As the weather turns to the cooler days of autumn, 1st Stage invites you to take a trip to the warm weather of Palm Beach in Michael McKeever’s frothy farce Suite Surrender. Your vacation involves more than just a trip to sunny Florida; you also enjoy a trip back in time to the 1940s, an era when Hollywood turned out entertaining screwball comedies.
It is 1942 and two of Hollywood’s biggest (and at times scariest) divas are both performing at a USO benefit. Complication number one: the two ladies have a legendary ongoing feud that turns violent if they come near each other. Complication number two: the performers both wind up booked into the same Presidential Suite.
The Palm Beach Royale Hotel’s beleaguered general manager, Bernard T. Dunlap (Matt Dougherty), must try to keep the two ladies from realizing they are in separate bedrooms in the same suite. His task is made even more difficult by his less than savvy staff, a society matron eager to associate with the celebrities, and a gossip columnist looking for dirt (the frequently abused Dora del Rio, portrayed by Nora Achrati).
The introductory exposition is made less painful by the antics of a funny pair of easily confused bellhops, Francis (Daniel Corey) and Otis (Sam Phillips). They are the old style movie bellhops, who wear outfits that make them look like the performers for an offstage giant organ grinder and who literally hop when they start moving. Also providing a little spice to the introductory background is Mrs. Everett P. Osgood (Lisa Hodsoll), President of the Palm Beach Ladies for Unity or the PBLFU (with the accent on the “FU”).
The story kicks into gear with the separate arrivals of the two great divas. Claudia McFadden (Farrell Parker) has beautiful sharp features that lend themselves to her sharp and scary treatment of everyone around. She saves her harshest treatment for her long-time personal secretary, the pitiful Mr. Pippet (Bradley Foster Smith).
The oft-married Athena Sinclair (Katie Nigsch-Fairfax) is every bit as grand and demanding, although marginally kinder to her own personal secretary, Murphy Stevens (Stephanie Roswell). Murphy is still lovesick over the boyfriend she thought was overseas or dead but who instead . . . turns up in the hotel! (Who would have figured it?).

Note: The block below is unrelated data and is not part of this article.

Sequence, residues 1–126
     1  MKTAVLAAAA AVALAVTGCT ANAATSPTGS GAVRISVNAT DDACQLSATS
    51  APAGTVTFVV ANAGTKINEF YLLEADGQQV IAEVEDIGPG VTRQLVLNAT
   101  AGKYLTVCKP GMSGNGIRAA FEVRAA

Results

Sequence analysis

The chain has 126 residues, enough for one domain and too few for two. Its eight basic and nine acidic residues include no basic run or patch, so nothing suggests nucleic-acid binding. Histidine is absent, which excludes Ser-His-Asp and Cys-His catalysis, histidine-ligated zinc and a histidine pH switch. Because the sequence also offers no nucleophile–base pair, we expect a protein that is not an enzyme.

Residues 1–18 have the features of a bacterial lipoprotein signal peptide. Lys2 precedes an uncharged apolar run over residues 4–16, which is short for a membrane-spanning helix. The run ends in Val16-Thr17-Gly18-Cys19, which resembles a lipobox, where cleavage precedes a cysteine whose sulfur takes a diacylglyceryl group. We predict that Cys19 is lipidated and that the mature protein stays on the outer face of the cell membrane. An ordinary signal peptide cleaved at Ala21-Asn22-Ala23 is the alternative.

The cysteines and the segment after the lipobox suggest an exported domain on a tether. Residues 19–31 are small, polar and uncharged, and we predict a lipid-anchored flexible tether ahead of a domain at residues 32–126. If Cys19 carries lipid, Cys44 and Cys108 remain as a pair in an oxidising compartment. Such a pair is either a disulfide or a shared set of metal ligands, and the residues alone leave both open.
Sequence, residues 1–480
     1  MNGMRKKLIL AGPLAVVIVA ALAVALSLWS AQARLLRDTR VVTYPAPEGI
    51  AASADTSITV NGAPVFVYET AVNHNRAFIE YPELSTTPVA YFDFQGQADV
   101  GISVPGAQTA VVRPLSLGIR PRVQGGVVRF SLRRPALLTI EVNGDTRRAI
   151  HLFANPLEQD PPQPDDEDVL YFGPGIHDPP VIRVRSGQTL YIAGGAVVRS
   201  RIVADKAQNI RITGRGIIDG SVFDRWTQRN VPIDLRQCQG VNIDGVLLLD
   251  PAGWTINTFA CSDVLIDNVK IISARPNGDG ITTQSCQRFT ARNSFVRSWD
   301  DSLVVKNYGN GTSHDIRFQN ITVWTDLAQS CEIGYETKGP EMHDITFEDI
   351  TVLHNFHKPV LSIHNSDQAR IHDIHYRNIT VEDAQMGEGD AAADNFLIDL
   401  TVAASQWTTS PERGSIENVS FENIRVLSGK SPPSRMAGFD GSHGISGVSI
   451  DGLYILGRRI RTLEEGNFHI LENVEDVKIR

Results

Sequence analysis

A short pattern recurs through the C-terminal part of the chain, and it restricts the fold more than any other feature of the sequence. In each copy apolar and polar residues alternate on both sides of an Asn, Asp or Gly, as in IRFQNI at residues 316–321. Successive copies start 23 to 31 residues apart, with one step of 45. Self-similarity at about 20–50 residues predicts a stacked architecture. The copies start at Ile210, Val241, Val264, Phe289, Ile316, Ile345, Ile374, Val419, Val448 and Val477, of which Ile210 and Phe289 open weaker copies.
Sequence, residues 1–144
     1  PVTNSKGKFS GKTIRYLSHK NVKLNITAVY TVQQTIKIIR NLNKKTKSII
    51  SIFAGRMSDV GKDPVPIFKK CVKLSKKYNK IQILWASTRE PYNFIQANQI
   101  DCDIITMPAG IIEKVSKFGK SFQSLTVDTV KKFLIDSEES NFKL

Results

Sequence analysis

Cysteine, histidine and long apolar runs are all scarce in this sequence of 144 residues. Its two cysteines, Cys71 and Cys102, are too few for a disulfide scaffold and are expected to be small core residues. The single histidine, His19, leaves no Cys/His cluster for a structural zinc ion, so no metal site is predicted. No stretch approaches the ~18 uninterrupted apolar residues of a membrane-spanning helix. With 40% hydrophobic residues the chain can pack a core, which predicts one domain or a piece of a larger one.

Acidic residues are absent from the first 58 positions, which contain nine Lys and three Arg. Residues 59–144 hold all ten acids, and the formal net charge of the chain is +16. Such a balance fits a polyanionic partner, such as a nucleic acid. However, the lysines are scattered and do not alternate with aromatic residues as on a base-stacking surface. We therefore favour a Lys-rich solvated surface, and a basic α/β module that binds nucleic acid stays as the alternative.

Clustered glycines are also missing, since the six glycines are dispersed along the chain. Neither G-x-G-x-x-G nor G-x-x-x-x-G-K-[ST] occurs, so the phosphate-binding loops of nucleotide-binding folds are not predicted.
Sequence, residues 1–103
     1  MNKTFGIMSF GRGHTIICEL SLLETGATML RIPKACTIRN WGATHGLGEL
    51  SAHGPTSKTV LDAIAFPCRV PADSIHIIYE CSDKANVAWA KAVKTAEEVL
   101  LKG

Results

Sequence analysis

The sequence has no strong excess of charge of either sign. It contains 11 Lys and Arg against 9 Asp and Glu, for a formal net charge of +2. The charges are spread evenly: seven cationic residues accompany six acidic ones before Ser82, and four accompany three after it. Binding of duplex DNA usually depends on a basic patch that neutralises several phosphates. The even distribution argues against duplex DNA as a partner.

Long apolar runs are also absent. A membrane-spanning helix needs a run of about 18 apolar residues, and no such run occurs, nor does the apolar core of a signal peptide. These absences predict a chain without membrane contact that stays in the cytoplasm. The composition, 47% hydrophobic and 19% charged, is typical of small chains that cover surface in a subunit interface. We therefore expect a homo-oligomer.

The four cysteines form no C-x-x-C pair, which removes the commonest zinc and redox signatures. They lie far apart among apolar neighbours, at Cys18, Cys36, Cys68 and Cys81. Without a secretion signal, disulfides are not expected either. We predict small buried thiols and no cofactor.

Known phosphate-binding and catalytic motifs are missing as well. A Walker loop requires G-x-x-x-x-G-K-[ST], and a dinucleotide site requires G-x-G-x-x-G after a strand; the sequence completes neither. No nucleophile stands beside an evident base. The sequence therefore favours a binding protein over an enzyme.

1st Stage’s production of Suite Surrender is a master’s class in how to construct a farce and make it work on stage. Even if you abstain from reading the program, you will quickly deduce that Michael McKeever is an experienced playwright. He manages to take practically every tool in the farce-writer’s handbook and include it in somewhere in this delightful slip of a play. Slamming doors, mistaken identity, physical comedy, fast-paced action, and ever building comic tension are all present in the work.
The success of even a well-written farce depends heavily on the performing company, and Suite Surrender is in more than capable hands with 1st Stage. The suite designed by the aptly-named Steven Royal has an opulent, tropical feel. The lavish costumes of Dan Iwaniec and the period hairstyles effectively transport you to 1942. Every detail of Suite Surrender, right down to the period pre-show big band music, demonstrates the loving attention of the production team.
The comedy found on the page is wonderfully supplemented by the direction of Rex Daugherty. Every bit of comic business (e.g., the nearly falling vase of flowers, the body bouncing off the sofa, the door slamming into an unlucky bystander, the manipulated toy dog) felt fresh and well-timed, even when you could see it coming.
As for the cast, every member sells their characterizations with winning energy and complete commitment. When the full horrors of the situation dawned on poor Mr. Pippet, Bradley Foster Smith honestly seemed on the verge of apoplexy. The suffering of Matt Dougherty as the hotel’s general manager is also terribly funny.
As the action builds, the audience’s laughter becomes more frequent and louder. Further, when the inevitable collapse of the farce’s pretense occurs, McKeever has a clever twist to unveil.
If you have every enjoyed a quality farce like Noises Off or Lend Me a Tenor, you will find Suite Surrender not far behind in entertainment value. Should Mr. McKeever visit the 1st Stage production of his play, I suspect he would have very few notes and great appreciation for the devoted cast and creative team.
Suite Surrender by Michael McKeever, directed by Rex Daugherty, featuring Nora Achrati, Daniel Corey, Matt Dougherty, Katie Nigsch Fairfax, Lisa Hodsoll, Farrell Parker, Sam Phillips, Stephanie Roswell, and Bradley F. Smith. Produced by 1st Stage . Reviewed by Steven McKnight